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Browsing named entities in George Bancroft, History of the United States from the Discovery of the American Continent, Vol. 4, 15th edition.. You can also browse the collection for September 7th or search for September 7th in all documents.

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, designed, at nightfall on the fourth, to attack Fort Edward. The guides took a false route; and, as evening came on, the party found itself four miles from the fort, on the road to Lake George. The red men, who never obey implicitly, but insist upon deliberating with the commander and sharing his secrets, refused to attack the fort, but were willing to go against the army at the lake, which was thought to have neither artillery nor intrenchments. Late in the night following the seventh of September, it was told in the camp at Lake George, that a large party of men had landed at the head of South Bay, and were travelling from Wood Creek to the Hudson. On the next morning, after a council of war, Ephraim Williams, a Massachusetts colonel, the same who, in passing through Albany, had made a bequest of his estate by will to found a free school, was sent with a thousand men to relieve Fort Edward. Among chap. IX.} 1755. them was Israel Putnam, to whom, at the age of thirty-seven,
. Yet native courage flashed up in every part of the colonies. The false Delawares, thirsting for victims and secret as the night, from their village at Kittanning, within forty-five miles of Fort Duquesne, stained all the border of Pennsylvania with murder and scalping. To destroy them, three hundred Pennsylvanians crossed the Alleghanies, conducted by John Armstrong, of Cumberland County, famed as inheriting the courage of the Scottish covenanters. In the night following the seventh of September, the avenging party, having marched on that day thirty miles through the unbroken forests, were guided to the Indian village of Kittanning, by the beating of a drum and the whooping of warriors at their festival; and they lay quiet and hush till the moon was fairly set. They heard a young fellow whistling near them, as a signal to a squaw after his dance was over; and in a field of maize, on the margin of the river, they saw the fires near which the Indians took their rest with no dre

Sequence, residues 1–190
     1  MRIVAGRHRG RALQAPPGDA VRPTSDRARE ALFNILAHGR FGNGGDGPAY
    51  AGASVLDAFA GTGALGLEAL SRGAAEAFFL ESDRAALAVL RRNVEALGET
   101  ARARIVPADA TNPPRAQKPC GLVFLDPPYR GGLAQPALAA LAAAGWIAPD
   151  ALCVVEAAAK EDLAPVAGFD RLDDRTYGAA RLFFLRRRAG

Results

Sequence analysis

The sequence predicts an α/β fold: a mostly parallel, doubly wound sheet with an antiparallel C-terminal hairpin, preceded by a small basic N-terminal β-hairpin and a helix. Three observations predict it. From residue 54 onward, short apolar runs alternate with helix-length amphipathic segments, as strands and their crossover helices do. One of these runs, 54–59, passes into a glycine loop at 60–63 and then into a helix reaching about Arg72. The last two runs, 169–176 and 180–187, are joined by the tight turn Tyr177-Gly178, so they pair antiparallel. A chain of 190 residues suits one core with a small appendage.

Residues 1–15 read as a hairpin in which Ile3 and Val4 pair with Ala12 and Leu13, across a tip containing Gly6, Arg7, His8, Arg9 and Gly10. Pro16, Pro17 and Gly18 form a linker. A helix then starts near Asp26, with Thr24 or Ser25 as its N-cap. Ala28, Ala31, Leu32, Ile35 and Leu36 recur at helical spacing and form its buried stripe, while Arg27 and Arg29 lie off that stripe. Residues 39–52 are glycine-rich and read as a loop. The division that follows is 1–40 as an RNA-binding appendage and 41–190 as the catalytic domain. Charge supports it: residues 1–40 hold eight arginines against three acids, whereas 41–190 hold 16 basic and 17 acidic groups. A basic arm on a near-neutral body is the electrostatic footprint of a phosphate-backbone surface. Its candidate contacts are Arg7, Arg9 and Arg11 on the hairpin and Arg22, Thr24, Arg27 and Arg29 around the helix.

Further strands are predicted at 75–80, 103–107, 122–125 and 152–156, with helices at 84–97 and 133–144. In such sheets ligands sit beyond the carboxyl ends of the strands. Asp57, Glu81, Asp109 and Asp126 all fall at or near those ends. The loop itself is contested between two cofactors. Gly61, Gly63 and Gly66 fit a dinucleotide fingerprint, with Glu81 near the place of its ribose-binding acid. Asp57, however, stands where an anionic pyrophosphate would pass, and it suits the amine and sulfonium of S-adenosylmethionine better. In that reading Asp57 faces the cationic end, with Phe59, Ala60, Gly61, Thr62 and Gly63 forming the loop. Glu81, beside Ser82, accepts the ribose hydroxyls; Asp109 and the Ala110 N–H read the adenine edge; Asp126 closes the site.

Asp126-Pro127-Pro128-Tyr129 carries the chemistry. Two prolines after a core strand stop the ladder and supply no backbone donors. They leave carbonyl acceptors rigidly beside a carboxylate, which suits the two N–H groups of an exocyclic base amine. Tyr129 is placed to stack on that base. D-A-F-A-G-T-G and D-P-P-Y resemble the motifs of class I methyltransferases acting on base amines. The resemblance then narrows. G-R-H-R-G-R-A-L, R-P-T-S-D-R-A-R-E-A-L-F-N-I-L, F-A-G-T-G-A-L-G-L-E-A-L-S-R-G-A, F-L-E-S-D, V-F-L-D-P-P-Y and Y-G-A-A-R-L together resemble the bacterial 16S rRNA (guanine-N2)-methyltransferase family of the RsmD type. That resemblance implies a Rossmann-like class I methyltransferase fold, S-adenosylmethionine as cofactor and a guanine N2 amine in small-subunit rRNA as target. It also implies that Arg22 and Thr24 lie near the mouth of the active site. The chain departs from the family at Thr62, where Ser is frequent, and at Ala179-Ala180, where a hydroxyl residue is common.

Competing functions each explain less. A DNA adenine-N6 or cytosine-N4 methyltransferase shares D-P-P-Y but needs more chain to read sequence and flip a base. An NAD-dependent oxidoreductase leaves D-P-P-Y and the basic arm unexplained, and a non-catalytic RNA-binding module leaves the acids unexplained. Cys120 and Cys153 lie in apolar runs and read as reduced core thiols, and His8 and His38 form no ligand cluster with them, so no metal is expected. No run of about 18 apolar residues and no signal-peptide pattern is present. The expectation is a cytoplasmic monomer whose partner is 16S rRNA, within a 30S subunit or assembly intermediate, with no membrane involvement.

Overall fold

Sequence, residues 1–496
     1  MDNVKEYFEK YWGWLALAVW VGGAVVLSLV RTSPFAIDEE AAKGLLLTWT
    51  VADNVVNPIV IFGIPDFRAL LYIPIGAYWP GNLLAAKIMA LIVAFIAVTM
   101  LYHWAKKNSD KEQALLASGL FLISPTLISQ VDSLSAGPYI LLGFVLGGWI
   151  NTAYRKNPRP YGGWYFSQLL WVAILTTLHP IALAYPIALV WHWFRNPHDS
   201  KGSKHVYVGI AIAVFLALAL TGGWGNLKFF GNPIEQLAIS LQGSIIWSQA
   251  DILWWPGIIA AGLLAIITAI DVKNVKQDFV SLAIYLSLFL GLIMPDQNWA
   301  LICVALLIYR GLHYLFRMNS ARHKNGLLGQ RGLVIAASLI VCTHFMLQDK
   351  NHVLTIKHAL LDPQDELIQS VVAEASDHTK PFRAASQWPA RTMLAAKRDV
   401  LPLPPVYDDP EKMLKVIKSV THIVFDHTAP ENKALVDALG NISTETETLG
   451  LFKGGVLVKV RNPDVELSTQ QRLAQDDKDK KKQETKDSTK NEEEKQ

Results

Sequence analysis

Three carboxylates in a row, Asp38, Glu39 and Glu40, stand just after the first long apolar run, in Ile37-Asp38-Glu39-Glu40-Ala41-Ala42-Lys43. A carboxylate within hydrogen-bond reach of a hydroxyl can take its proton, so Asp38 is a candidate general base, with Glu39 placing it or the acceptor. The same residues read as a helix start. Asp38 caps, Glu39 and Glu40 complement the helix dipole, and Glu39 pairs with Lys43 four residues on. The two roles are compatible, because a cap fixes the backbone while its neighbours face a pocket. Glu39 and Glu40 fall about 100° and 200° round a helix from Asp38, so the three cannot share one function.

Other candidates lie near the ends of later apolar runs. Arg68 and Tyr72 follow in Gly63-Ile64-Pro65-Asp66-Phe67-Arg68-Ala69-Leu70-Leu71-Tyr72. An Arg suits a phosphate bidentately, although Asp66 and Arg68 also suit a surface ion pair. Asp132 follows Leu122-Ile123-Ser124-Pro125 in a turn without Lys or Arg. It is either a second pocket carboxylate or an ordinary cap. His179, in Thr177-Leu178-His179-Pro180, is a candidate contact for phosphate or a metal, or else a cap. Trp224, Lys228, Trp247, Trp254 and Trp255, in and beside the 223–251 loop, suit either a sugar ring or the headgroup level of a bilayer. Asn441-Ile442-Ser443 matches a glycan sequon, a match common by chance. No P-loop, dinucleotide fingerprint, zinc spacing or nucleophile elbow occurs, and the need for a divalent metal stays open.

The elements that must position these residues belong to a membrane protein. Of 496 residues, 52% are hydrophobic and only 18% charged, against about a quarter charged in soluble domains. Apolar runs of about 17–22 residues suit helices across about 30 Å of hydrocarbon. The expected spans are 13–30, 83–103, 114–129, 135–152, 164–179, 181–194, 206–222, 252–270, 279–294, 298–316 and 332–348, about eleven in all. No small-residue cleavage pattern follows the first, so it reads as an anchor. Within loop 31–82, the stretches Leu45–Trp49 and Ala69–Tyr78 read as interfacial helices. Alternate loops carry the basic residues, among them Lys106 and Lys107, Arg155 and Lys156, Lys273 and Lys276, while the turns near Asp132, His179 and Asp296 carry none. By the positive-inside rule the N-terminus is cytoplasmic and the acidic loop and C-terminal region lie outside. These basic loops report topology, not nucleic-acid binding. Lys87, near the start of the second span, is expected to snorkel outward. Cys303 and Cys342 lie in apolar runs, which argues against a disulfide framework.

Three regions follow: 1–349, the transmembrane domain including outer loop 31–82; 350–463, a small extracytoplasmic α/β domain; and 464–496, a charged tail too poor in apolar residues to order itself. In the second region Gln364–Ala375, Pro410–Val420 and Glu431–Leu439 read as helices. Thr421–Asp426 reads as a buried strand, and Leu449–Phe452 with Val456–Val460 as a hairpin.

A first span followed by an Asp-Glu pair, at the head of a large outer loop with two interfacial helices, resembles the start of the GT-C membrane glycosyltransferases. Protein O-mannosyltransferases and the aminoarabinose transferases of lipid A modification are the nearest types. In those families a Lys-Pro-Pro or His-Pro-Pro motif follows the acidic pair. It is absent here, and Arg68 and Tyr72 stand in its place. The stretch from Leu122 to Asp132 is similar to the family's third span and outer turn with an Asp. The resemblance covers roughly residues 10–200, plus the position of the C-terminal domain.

eal, by Colohel Haviland, found the fort on Isle-aux-Noix deserted. Amherst himself led the main army of ten thousand men by way of Oswego; it is not easy to say why; for the labor of getting there was greater than that of proceeding directly upon Montreal. After toiling to Oswego, he descended the St. Lawrence cautiously, taking possession of the feeble works at Ogdensburg; treating the helpless Canadians with humanity, and with no loss of lives except in passing the rapids, on the seventh of September he met before Montreal the army under Murray, who, as he came up from Quebec, had intimidated the people-and amused himself by now and then burning a village and hanging a Canadian. The next day, Haviland arrived with forces from Crown Point. Thus the three armies came together in overwhelming strength to take an open town of a few hundred inhabitants, which Vaudreuil had resolved to give up on the first appearance of the English; and on the eighth day of September, the flag of St.